Virginia Beach home inspection checklist

Author: Daniel F. Rogers

 

1.  Do your homework. An hour of your time can save you hundreds of hours (and dollars) of heartache.  Some things you should know when starting your home inspection lesson plan.
– Home Inspections are not standardized.
– All home inspectors are not created equal.
– The home inspection industry in Virginia is NOT regulated and does not require licensing.

– You get to pick the inspector who will represent your best interest. Your inspector is your personal expert that you pay to learn everything about the home you are hiring him to inspect.
– You must get the home inspection before the inspection contingency period is up.
– Most purchase offers are standardized and become a ratified contract when both parties agree to the terms of purchase which normally includes an inspection contingency..
– Almost all contracts contain a home inspection contingency addendum meaning the contract can be cancelled during the inspection contingency period.
– When buying a house you typically have a certain number of days from ratification to get the inspection completed. Usually 7-10 days. This is called the inspection contingency period. It’s crucial you get the inspection done during this period. If you can’t then you should get an extension or consider withdrawing from the purchase contract.
– If the inspection results are not satisfactory to you or even if you just decide you don’t want the house, you may withdraw from the contract without excuses and without penalty during the contingency period.
– Find you home inspector in advance.  Be prepared by reading the list below and having a good home inspection company in mind so you can get it scheduled as soon as your contract is ratified.

2.  Reputation – A good inspection company or inspector will have a good reputation on the internet.
– Check consumer reviews at Angies’ list, Google, Yelp, BBB, etc.
– A high number of reviews indicate they are in demand and have lots of experience.
– Are the reviews consistently positive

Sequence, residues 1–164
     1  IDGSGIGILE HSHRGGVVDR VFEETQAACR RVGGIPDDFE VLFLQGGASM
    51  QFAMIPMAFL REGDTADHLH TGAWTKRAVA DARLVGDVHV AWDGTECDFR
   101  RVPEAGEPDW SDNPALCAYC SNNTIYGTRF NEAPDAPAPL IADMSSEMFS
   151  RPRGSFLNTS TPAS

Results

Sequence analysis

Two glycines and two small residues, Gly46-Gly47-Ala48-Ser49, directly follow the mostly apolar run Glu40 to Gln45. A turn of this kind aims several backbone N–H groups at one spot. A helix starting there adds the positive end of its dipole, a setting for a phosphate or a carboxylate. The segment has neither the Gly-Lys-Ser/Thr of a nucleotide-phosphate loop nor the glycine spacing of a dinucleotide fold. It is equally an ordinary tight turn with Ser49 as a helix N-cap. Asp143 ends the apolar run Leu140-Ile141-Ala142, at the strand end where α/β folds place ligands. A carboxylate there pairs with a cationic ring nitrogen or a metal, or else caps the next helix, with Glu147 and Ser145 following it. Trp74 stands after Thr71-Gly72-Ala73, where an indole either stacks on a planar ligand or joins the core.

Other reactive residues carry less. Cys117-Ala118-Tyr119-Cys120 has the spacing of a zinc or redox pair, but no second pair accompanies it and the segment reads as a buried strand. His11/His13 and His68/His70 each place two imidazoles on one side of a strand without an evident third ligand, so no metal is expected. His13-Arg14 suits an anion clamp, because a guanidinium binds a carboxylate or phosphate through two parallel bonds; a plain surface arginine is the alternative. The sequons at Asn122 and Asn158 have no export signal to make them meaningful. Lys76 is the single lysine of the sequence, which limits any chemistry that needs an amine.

– Are the reviews genuine and submitted by actual customers. Not other real estate professionals with an interest in the sale. 

3.  Inspection reports – Look at the inspectors actual inspection reports.
– Its good insight into the detail and thoroughness of his/her inspection process and abilities.
– Is it a checklist report or full narrative?
– Beware of fake display or promotional sample reports.
– You can usually tell by the generic address and name info provided. 
– Some software companies even provide sample reports to help sell their software to inspectors.
– Is it the actual inspectors report or just a representation?
– Are there numerous, detailed and annotated photos?  Not some few, hard to see thumbnails.
– Is the report full of disclaimers, limitations or omissions of systems and components?
– Assuming safe conditions, do they actually walk roofs and fully enter crawlspaces?
– Do they do a random sampling of faucets, fixtures, outlets, windows, electrical devices or do they check 100% of everything possible?

4. Recommendations and referrals – If your real estate agent highly recommends against using the inspector you choose and insist you use their inspector.  Either the inspector you chose is really bad or really good.  It depends on how honrable and professional your agent is. Some inspectors are really bad and should be avoided. Some inspectors are really good and are viewed by some unscroupulous agents to be a challenge to closing their sale. They are afraid a good inspector will rock the boat but as a buyer that may not mean smooth sailing after you acquire the property. Some agents are really good and want the best inspection for their client and will recommend the best inspector. You will have to sort this out.
– Ask friends, co-workers, neighbors for a good referral. (or the ones they should avoid)
– Beware of the agent who insists you use “my guy”. That inspector may indeed be his/her guy.  Find your own guy.

– Read the article Should I use my agents home inspector

5. Pricing – Beware of cheap prices.  Most inspectors know their own worth. Most people can’t afford a cheap inspection.  The sweetness of a low price is temporary while the sting of a cheap inspection last forever.
– A good inspection will average $350-$400.
– A good inspection will take 2.5-3 hours
– A good inspector will spend 2-3 hours on each report.